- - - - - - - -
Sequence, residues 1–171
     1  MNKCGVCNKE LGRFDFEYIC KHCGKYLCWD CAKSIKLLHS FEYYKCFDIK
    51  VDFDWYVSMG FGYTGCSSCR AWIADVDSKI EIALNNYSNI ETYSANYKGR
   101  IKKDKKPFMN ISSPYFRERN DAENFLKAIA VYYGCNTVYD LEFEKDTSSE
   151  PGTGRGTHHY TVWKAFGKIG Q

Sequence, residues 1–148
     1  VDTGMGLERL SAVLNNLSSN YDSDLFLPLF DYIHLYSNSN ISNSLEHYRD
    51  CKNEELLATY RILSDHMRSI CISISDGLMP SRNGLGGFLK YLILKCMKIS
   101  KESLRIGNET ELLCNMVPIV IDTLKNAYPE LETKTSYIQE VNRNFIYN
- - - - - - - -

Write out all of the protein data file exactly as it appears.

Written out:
Sequence, residues 1–171
     1  MNKCGVCNKE LGRFDFEYIC KHCGKYLCWD CAKSIKLLHS FEYYKCFDIK
    51  VDFDWYVSMG FGYTGCSSCR AWIADVDSKI EIALNNYSNI ETYSANYKGR
   101  IKKDKKPFMN ISSPYFRERN DAENFLKAIA VYYGCNTVYD LEFEKDTSSE
   151  PGTGRGTHHY TVWKAFGKIG Q

Sequence, residues 1–148
     1  VDTGMGLERL SAVLNNLSSN YDSDLFLPLF DYIHLYSNSN ISNSLEHYRD
    51  CKNEELLATY RILSDHMRSI CISISDGLMP SRNGLGGFLK YLILKCMKIS
   101  KESLRIGNET ELLCNMVPIV IDTLKNAYPE LETKTSYIQE VNRNFIYN